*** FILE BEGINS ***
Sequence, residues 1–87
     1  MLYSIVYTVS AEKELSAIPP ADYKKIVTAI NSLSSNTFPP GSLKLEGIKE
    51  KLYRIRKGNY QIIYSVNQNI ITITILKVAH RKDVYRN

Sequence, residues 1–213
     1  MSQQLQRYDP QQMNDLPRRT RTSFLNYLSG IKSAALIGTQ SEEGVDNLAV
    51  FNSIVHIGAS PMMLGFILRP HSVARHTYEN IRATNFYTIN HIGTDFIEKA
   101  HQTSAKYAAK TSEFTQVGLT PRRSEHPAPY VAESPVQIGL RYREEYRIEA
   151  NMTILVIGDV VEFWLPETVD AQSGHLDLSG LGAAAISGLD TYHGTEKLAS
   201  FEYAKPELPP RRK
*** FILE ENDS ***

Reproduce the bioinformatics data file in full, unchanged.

Sequence, residues 1–87
     1  MLYSIVYTVS AEKELSAIPP ADYKKIVTAI NSLSSNTFPP GSLKLEGIKE
    51  KLYRIRKGNY QIIYSVNQNI ITITILKVAH RKDVYRN

Sequence, residues 1–213
     1  MSQQLQRYDP QQMNDLPRRT RTSFLNYLSG IKSAALIGTQ SEEGVDNLAV
    51  FNSIVHIGAS PMMLGFILRP HSVARHTYEN IRATNFYTIN HIGTDFIEKA
   101  HQTSAKYAAK TSEFTQVGLT PRRSEHPAPY VAESPVQIGL RYREEYRIEA
   151  NMTILVIGDV VEFWLPETVD AQSGHLDLSG LGAAAISGLD TYHGTEKLAS
   201  FEYAKPELPP RRK